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Lethbridge Herald Newspaper Archives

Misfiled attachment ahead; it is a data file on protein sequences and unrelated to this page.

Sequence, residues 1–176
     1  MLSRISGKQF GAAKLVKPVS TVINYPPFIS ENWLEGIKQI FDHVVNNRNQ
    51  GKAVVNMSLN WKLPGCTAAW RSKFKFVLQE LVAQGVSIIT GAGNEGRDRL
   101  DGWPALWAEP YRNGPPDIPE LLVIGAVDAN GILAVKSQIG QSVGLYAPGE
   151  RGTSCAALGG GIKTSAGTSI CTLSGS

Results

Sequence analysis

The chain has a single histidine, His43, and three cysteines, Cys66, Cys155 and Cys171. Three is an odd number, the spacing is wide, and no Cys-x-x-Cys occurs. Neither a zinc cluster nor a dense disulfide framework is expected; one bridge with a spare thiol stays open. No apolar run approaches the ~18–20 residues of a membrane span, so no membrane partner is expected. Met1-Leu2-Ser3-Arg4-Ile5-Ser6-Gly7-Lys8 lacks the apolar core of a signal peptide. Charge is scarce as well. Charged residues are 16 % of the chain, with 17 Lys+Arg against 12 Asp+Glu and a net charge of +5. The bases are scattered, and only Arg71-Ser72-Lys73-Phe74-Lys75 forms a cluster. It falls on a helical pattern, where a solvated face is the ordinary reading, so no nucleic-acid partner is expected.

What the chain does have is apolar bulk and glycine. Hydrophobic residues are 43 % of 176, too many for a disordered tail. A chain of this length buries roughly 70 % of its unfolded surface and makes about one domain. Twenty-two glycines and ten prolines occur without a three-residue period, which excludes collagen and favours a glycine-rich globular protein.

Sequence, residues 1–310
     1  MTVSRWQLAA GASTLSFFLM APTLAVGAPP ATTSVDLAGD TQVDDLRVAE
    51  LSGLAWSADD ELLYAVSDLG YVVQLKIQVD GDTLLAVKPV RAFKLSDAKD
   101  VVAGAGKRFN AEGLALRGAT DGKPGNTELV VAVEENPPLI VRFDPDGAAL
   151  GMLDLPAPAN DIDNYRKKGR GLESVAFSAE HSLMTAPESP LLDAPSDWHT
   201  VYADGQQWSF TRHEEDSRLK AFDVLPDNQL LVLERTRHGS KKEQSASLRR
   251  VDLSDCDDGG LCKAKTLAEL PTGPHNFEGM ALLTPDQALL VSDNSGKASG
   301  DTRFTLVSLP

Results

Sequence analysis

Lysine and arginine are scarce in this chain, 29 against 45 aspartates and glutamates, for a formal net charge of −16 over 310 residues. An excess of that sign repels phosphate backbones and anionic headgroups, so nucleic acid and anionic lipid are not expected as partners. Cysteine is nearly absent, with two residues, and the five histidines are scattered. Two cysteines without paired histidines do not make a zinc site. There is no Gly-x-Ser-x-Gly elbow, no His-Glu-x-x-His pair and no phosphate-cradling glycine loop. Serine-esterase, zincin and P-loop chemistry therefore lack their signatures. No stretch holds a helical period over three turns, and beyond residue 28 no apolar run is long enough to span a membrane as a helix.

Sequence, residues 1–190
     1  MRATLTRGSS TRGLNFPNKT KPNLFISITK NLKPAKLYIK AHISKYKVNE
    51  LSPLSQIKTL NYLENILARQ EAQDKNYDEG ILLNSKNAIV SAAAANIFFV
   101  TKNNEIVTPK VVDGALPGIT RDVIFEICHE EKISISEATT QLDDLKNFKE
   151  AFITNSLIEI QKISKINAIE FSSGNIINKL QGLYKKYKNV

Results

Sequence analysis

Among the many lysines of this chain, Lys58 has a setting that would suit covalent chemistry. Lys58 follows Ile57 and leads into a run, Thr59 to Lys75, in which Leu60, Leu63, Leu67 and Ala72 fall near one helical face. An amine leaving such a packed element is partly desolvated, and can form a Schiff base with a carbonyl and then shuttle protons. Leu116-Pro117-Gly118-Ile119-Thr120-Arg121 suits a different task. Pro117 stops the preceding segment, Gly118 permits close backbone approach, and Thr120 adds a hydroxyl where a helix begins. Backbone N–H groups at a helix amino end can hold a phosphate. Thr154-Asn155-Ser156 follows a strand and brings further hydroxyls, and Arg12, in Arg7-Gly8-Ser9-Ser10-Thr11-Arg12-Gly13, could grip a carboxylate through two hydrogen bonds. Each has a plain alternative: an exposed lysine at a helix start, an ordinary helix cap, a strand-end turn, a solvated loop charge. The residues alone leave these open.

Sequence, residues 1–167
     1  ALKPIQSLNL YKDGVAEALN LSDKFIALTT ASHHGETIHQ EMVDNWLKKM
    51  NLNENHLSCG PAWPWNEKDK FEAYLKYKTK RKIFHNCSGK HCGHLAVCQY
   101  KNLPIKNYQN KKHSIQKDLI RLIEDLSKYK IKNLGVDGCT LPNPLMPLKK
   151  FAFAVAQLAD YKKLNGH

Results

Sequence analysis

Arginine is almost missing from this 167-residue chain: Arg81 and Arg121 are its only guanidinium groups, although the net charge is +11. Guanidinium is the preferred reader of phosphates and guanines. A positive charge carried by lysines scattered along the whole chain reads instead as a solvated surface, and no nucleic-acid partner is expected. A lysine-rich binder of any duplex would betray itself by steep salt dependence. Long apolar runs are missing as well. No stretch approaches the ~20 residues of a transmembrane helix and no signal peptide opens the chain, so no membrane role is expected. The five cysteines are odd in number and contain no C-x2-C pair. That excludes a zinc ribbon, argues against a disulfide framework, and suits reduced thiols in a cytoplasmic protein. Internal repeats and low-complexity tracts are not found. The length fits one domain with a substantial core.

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Lethbridge Herald, The (Newspaper) - July 8, 1914, Lethbridge, Alberta PAGE SIX ,THE LETHBRIDGB IJAILY HERALD WEDNESDAY, JULY 8, 1914 Used for First Time at Fair Races Yesterday-Bet- ter Than the Books-Three Running Races and One Harness Event The pari-mutuel betting 15S5.00 on a single S6.00 ticket in the was introduced to Lethbridge patrons yesterday afternoon tor the first timo. Tie usual opening day attendance obtained, and the betting talent was limited, so whether the mutuels received a fair test or not is a question. The mutuels do not give occasion for the same amount of excitement the books and to one used to-playing the latter they pro- bably seem a trifle slow; but there is one thing certain, the man who takes a flier on a race is more satisfied after he has tried and lost on the mut- uels than he is inclined to be after having lost under the book-making system: he knows that the operators are not getting all the money, and he is keeping it in local circulation. There was probably not a bettor yesterday who didn't leave the track satisfied that he- had got a better run lor his money off the pari-mnt- uels'than he had ever-received oil the old system of wagering. The pari-niutuel system of betting is solving the race-track problem and placing the game on a higher plane than eiex. it was, and is bringing horse-racing back. to many of the tracks where it once flourished, but killed through the knavery that too often accompanies the old-time methods of betting. The pari-mut- -uel is the most approved system of betting, and that is being conceded everywhere by everyon who knows from experience. There were only two machines in operation yesterday, and machines, respectively, and they both were for first place money. The op- erators had two other machines for and but these _were not brought into acquisition because of ,the limited number of horses in the races, and the dearth of money., in sight for betting. The pari-mutuel system, in a nut- Ehell, means that all the money forms one. pool, and is divided equally am- ong the tickets representing the win- ning horse in the race, 10 per cent, be- ing deducted bv the which is the- only remuneration they receive. What They Paid In the second race a well-known Lethbridge-ite held the only tic- ket put up- on Amore, and he pulled down something like S85.00. on his 55.00 investment- That was the fin- est haul of the afternoon. La Mona in one heat of the first race paid on 'every 52.00 ticket, and 512.50 on every ticket. Amora, as previously stated, paid first heat of the second and in the second heat 59.00 on each ticket, and on each 15.00 ticket 51B.OO. Ethel Sampson paid on every 52.00 ticket in the third race. There were uo tickets bought. In the fourth race Brouibi should have paid its backers SS.OO for each ticket, and ?22.0Q tor'every. 55.00 ticket Took Six Heats There was but one harness event on: the cards, tie 3.15 pace or 2.10 trot. La, Mona captured first money, beating Ed. Karnach to it in six times out -It was a tight race, with Glen. C. making a bid for' first honors.' La Mona took the first two heats, and was chased -hard by Gien (X, who land- ed 'second, and then beat La Mona in the third La Mona, suffering a mishap just after the start, getting crowded by. Ed.. Karnach's sulky and breaking things up for himself mom- entarily, and also EH. Karnach. With this advantage. Glen C. travelled in the lead and came under the "wire first, but he had to go some. Ed. Kar- nach. -was getting stronger, as the race grew old, and copped the nest two heats in clean fashion, tleing up witij :La Mona', and forcing a sixth heat, and two-horse battle for the money. La Mona got the advantage at the start, and acquired a slight lead and held it until the back stretch was reached in the .last half, when Ed. Karnach drew up and stood good to challenge the leader, but big En. broke just as he was making good, and bis Waterloo came to pcss there and lien. La Mona got first money, Ed. Kamach second and Glen C. third. Hal Mac was distanced in the first heat and Lady Goo Goo in the second. TheiRunners 'in the half-mile uony, there was only one horse'in the race. That was Amora. Madge Horton had a look-in in the first heat, but it was only be- cause Amora let her. in the second heat Amora got away badly and was jostled at the first turn, but he got out of the pocket he "was in in the back stretch, gathered speed and was out in front on the home- stretch and won by a length in a hard drive, with the others close on. Madge Horton and Fry split second and third money. Six horses started. j Five-Eighths Dash Ethel Sampson was the pick of the bnnch in the five-eighths run, and showed her class by coming up from behind and winning in a gallop. Le- due was second, two lengths behind, and was trailed by Lady S. Tango "was Fourth.. Kii a hatjiuK I Tuscan went down in a heap at tho last turn, when tha horse was going picking up ground. The rider was not hurt. One-Mile Run Lady MoNally. was the favorite in the oEe-mile go End made good her claim, but was disqualified by thn judges for folding at the first turn. W. V, Brombi was in second, but was placed first by the judges in, irface of lady McNally. Red Ranger was plac- ed third. Four horses ran. Pony Jumping Four horses performed in the jumping competition for ponies. They were required to clear three jumps, and a good exhibition was given. Erin-go-Bragh was declared the win- ner, Dollar Jim second, Bobby third and Irish Lad fourth. First pace or. 2.10 trot La Mona, Geo. D Ruttie....... 11 3321 Ed. Karnseh, J. R. Daly.......... i 3 2 1 2 Glen C., H. I. Mere- dith.....- 2212 3 X Goo Goo, W. H. Murray 3 4 x 3 x x Hal Mac, J. R. Daly......... 5 x x x x x Time: 2.1044, 2.1C94, 2.23, 2.2314. Second Rice, J'2-mile Pony, Best 2 in 3 Amora, B. J. Kieran 1 1 Madge Horton, Mrs. McKenzie. 2 3 Fry, R. S. 3 2 Chinook, D. W. Harper.. 4 4 Boundary Kid, H. .5 5 Shamrock, Shamrock Stables.. 6 6 Time: 51, Third race, Ethel Sampson, F. Kelly........ 1 Col. Valentino......t. 2 Lady S., John Bostwick........ 3 Tango, Henry 4 Tuscan, Mrs. MeKenzie b Time: 1.06. Fourth race, One mile V. Brombi. Shamrock Stables.. 1 Red Ranger.H. S. Blackburn 2 Tommy. ?J., R. B. Sherry___ 3 Four 'horses ran. Lady McNally won but was 'disqualified for bumping, at the first turn. Timo: Pony Jumping Event Erin-go-Bragh, Miss D. Russell i Dollar Jim, J.U.Jones....... 2 Bobby, Tom Martin........... 3 Irish Lad, J. Craig........... 4 COLLEGE CRICKETERS. ABROAD In- Thirteen Members of Team to vide Engliph Soil Haverfbrd college-will make an Am- erican invasion of English sports in cricket Haverford is famous for its jricket teams, and has sent playing combinations' to the home of cricket four times.in the last eighteen years, and has made a fair showing against English school and .club players, de- spite the fact that the American col- egian is far more at home on the Jaseball diamond than the cricket irease. -The initial invasion was made n 1SS6, and was repeated in 1900, and 1910. As in past years the squad will consist of thirteen mem- ters, and seventeen games will be ilayed between June 25 asd July 28. NORTH LETHBRIDGE UNITED Great Crowd of Football Followers Saw Rival Teams Battle (or Supremacy of City Football League Lait Night and were Given a Good Run for Their Money George Burns, the New York Giants' little left'fielder, is walkilig right up in the baiting averages'. Only considered a fair hitter he has slugged the ball at'a great rate .this season, and gone right up toward "iHc front Burns seems to be the only Giant outfielder-that has his position .cinch- ed, as the other ed around considerable. McGraw 'has such a wealth of material in Bescher, Murray, Snodjrass, Plez and Thorpe, that any falling off in their game win jive thern a chance to hold down the bench. FOOTSAtL GAME TOMORROW NIGHT Though it is day at the fair tomorrow, there will, be 'a football match for the edification of the foot- ball fans in the evening, for. those who are not inclined- to spend the holiday at the Fair. J.-.- m--- The S. O. E. will be. snorting a new- right, half, who has -been shaping up well in practice and they expect to give the Shams a run for it. The S. 0. E. line up wi'il be: Stowe: Parsons andv.Firth; Charles, Lee and Cheuery; Draper, Laverick and Bestwick. Re- serves: Fairbrother, Hicks and Hook- Players strip at the T.M.C.A. at 6.30 charp. TUP! LINE-UP: Dallies Mclntyrc, Batinerinaii and Anderson; Olen, Chiswick "and Mcllvena; Knight, Allen, Hone, Linning and Easton. North Lethhiidgc United Dun- lop Frier and Ness Pryoe, Whyte and Holborton Beveridge, Tcimant, A. Tennant, J. Gurr and Linning. Scoro: Callies, 1 goal (35 by Bouo. work, but lie latter ,'with lots ol time, shot badly'.. A niisunderstand- iji2 between Hnlbnrton nnd Ness al- most resulted in. a Knight rushing m from the, wing and amidst Hie exciting shouts of the Calllo fans who were already shouting shot high over then the shouts were: different. The game- was waving warm .-and exciting and the players were about the same, fouls were frequent, some and some werenoti Anderson offended in this respect on- several occasions, be- ing warned by.'the.referee on two or three occasions. The Callics were pressing: hard, and the- fans were yelling for a goal when Knight, get- ting down the wing, u centred beautifully and' Bone shot- great game resulted. The crowd was hi tlie ball hitting the crossbar on a record -one, over 500 people filling the stands, and the cheap guys'on the fence, being more numerous, than usual Enthusiasm ran high. The talk on the street yesterday Was not so much Welsh-Ritchie, nor the lair, but just a soccer game. Better games have hesu seen on the park, but it's NATIONAL New York 2, Plttaburg B. Only National gams today. AMERICAN St. Louis 3, Washington 7. Cleveland-New York: Rain. Chicago-Boston: Rain. Detroit-Philadelphia: Rain. AM. ASSOCIATION St. Paul e, Indianapolii 3. Minneapolis 8, Cleveland Kansas City 4, Coluinbus 1. Milwaukee 12, Louisville 1. FEDERAL Kansas City 0, Chicago 5. St. Louis 4, Indianapolis 7. Pittsburg 1, Buffalo 3. Pjttsburg. 1, Buffalo 5. The long-looked for meeting of tho Callies and North. Lethbridgo took place last night at the hall park. A great game was prophesied, and a a long time since two created the excitement local that these the under siile. Dunlop made a splen- did effort to save it, but it travelled a" bit tn fast for and the Cul- lies web one up, after thirty-iive minutes' play. 'Cries of "Conic on. ih'e Blues" tent took pot shots but were wide. did last night; If reminded one very forcibly of the old meetings between the Callies and the Sons, and feeling was probably at just as high a pitch. The Callies won, and the majority will probably concede them to have the best teain. The first half. was certainly theirs, .but tls boys from the north side, came back strong in the second half and gave the bailies a great fight, but they were minus- goals, and they are what .count. Referee Gurr great game to hold. He was a little.too easy in this early stages, consequently the game was inclined to be dirty at times; al- though nothing very; serious occuireil. It was a fine game -to watch. The Callies won the toss and Teh- nant kicked off for the N. L.. 7.10." Whyte was playing centre-half and Gurr leEt-hc.lt at the-outsat. The northerners in'le- diately visited the Gallic citadel, the c .but in an. instant j force tile game, tha positions were reversed, Knight Tennant playing taking a shot for the Callies >hlch Dunlop easily cleared. It was plain- ly seen that both teams were out tor-all ?laF gaii-to get hiiJE Holtcrton handled, -but on the free the sphere went behind. On the goal the alr'i and tiiey too. But the Callies were feeling the benefit of that 'goal ''and were playing for all -they were wort-ji. Mcllvena and Bone game.) Baltimore-Brooklyn-. Hain. wont INTERNATIONAL Montreal 2, Toronto 1. Buffalo-Rochester: Will be played later. Providence-Baltimore: bopiay- ed Jiily 15. Only International games today. WESTERN CANADA BUCKLES -WINS GAME Saskatoon, July Buckles An- Quakers down to two scratchy hits, and-no runs. The Hat- his methods of checking Chis- wick being suspicions. With only a fsw minutes to. go both teams, tried hard to find the net, but the defence on both sides was sound. Bone -was iu the limelight all the time, and. the fans were sorry to see him come iiit-o collision with Whyte; necessitat- ing his'being carried off the field, just the-whistle blew lor half- time. It was the Callies'.half, although there was not much to choose be- tween them.. SECOND HALF, After the returned with his team and was in the thick! of-the fight at once. Hoibertca and -J.! a great game. Ten- nant" shot, but Mclntyrc cleared. -Bannerman made a foiil charge at Holbcrton, and the crowtl showed its in no small vjneasure. This" seemed to be tho turning point with the United, for. the team sud- denly seemed ;to get new lite, and Buckles and Barth Northrup and Walters. No other games in the Western Can- ada.league. NATIONAL -New York..... Chicago 'St; Louis Cincinnati Pittsburg t-miaueimna "Boston...... 32 34 81 35 31 35 31. 35 .612 .549 514 .4Sli .485 .470 170 .470 AMERICAN Philadelphia Detroit Washington..... rf. Boston St. Louis .568 548 5311 kick Chiswick secured, headed to they were down on the Callies with jj 7n "357 Bone, the latter going through three a rush. Two fine chances to-even up N yort.......7." aj 'isH men and looking very much like scor- were hut -they, peppered SHAMROCK Witt START FOR AMERICA SOON Gosport, Eng., July Shamrock IV., Sir Thomas Upton's challenger for the American Cup, be-. gan today. The designer expected that the yacht will be ready to start for America two weeks from today. possession, centred -nicely hut Frier sailed in in the nidi ig very ing, .when Easton rushed in from the and tried hard to score. Chiswick llal] t0. give a.corner, and Beveridge j placed tlie kick nicely .lor Gurr, but Indianapolis the latter-missed again and kicked Chicago over. The'Callies were -------n they could handle.at''this stage, their defence waSiequal to it. On a I Brooklyn_ wing, and disgust of the Cal- lie' supporters, kicked away over the hair. Bone received again ..id i-or-ing up strong, shot wide. Knight geMing over. The .Callies were having all I Buffalo FEDERAL 138 31 time and cleared. The Callies pjcss- breakaway Bone was getting through i Kansas City took the ball; PiUsbuTg ing hard, but the north defeico w sound and shooting poor, dill VVhyte appeared at this stage, and received quits an ovation from the stand. The Scotchmen kept sawing wood and dribbling down the field Allen tried a shot, only missing by-, a few feet. Ref. Gurr pullc-d up Knight soon af- ter for jumping at Ness, but the-tree kick didn't help much. The Callies were getting the best of the play up this stage, their short passing game not being savvied, hut the men of the north were there with the goods- all tho time, and very -little got past them. With a sudde-n spurt. they took the ball into Gallic terri-j fouls committed tory. and for several minutes gave, I able, but Anderson hail evidently Mclntyre an anxious time. A beauti- gpnt! a little too far ful cross by Beveridge put little Lin- i St. Louis 32 29 on his own, but Frier right oft his foot; Gurr and jr., were ottsidc and spoilt a good' 1 chance. Coining again, Gurr shot woll' 1 A L lUiS AI and true, Mclntyrc saved and on the Baltimore 47 21 rebound LinnW shot wide. Tennant: Rochester 43 28 took a turn and made a splen- Buffalo 39 31 did and Mac was extremely 11 Providence 31 lucky in putting the ball behind. An-l Toronto '3 37 other corner followed shortly, Me- Newark................ 29 35 Intyre being worried fay a long shot! Jersey City JM 45 by to go some to get Montreal 25: 47 594 .571. .531 .523 .451 .4411 .411 away with and .putting behind. Nothing nor the rushes. The flayers woie badly .fiOli .557- .551 .471 .453 .348 .347 ninjr in possession, the making straight for goal ana r w dangerous, hut Mclntyre. wasn't giv- amount" to anything. "Llrining, the ing anything aifay -at all and'cleared easily. Linning. got through again im- mediately aftor.'.and passed to Gurr, who kicked behind. North L'ethbridge cam: apiin strong a few minutes lat- j ness. The Callies made a great rush, ENGLISH. CRICKET 'London, July home' county fared badly at the hands of Surrey in gone a little too far for-the referee'sja "'Mire, whan tho likins, and was sent off for the rest southerners visited. Manchester and defeated the Lancastrians by an inn- youngster o! the game. Threatening attitudes ,nd looked j were frequently seen, but they didn't ings and two runs.. Hayes was in form for Surrey, and compiled cr, the whole forward line fa their! and things looked bad lor the North, positions, Tennant securing from a j but Dunlop emerged from the .scrum pass by Beveridge, but failed to take victorious, making another spcctacu- Callics1 clever inside' left, was fosling j 103, while Haywnrd made 76 and the elf eels of his hard game, and first Hobbs CI; for Lancashire Ducat hit went out on the wing, afterwards re- out 87, Makepeace 51 and Sharp SO. tiring from 'the field through faint-1 The match was started Saturday. jlome eleven, Yorkshire, were also defeated by Kent at pheffield by a first time chance when he had Mac lar save. Both sides made desperate beaten. His effort was weak and was j efforts to score from this on, N. L. easily cleared. Bone got into the.pic-1 perhaps getting tlie best ol the clos- ture again, and was going straight through, but put the hr.ll a little too far ahead where Dunlop was able to ing exchanges', but the defence in each team was a bit superior to the attack and the Callies ran out win- ners by one to nil. NOTES Bone was a dandy. His plucky and clovc-r work appealed to the crowd. five -wickets, the match commencing yesterday. Kilner, for Yorkshire, was high scorer with 50. Booth, took five Kent wickets for 43 rune, while Blythe. for Kent sent eight Yorkshire bats- men out for 65 reacii it first arid cleared nicely. Back to the Callies' end went tho play, Tennant being pulled up for a ques- tionable offside. Gurr gave a throw- however, ynd liic hall travel- Mclntyrr, was good, and had a chance; (iiiickly into N. L. territory, I to show what he could do. Linning! Bone Vate trying desperately for a I as usua-1 was very smart on the ball, score, and -the game became very ox- but the opposing lialves were right'! cltins cs Duni'op dashed out and "im- 'Chiswick is hardly the I punched clear in great style. Shots .same old Bob, .but will take a lot Linning -and Hone followed in heating as a centre half. Banner-! quick succession, hut failed to find man played a the net. Tho northerners sserocd to be up against it, and Whyte not playing his usual game. The right _ wing was starved, Beveridge being in j game, and he had'hard luck in ithc'l splendid position, hut .tor some rca-'shot that counted. There's no blame! soil the left was fed continuously, coming to him. Frier In developing the Callies often getting the best of! into a fine, steady back, and doesn't the feeding. Holbcrton'had his work let much get by him. Ness was good. Holbcrloii was the pick of the halves, although he came close to forgetting himself once or twice. Little Liti- nlng is like his (Jallic brother, clev- er, quick and fearless. Htn work last night was' greatly appreciated. Tcii- nanls wore there a-11 the time, but a Tow morn first time shots would ho more effective. For North LetiihrWge United, the honors ,of the game would likoly bs given to Dunlop. He played a swell i cut out to hold Knight and Allen on this wing and was putting in a great amount of work. They made .another good rush, however, and prcosing An- derson hard, that player had to con- cede a corner. Nothing resulted, and the Callies securing took the leather ,tnto dannnrnua proximity, Linning anil' Kaston putting In nicis ;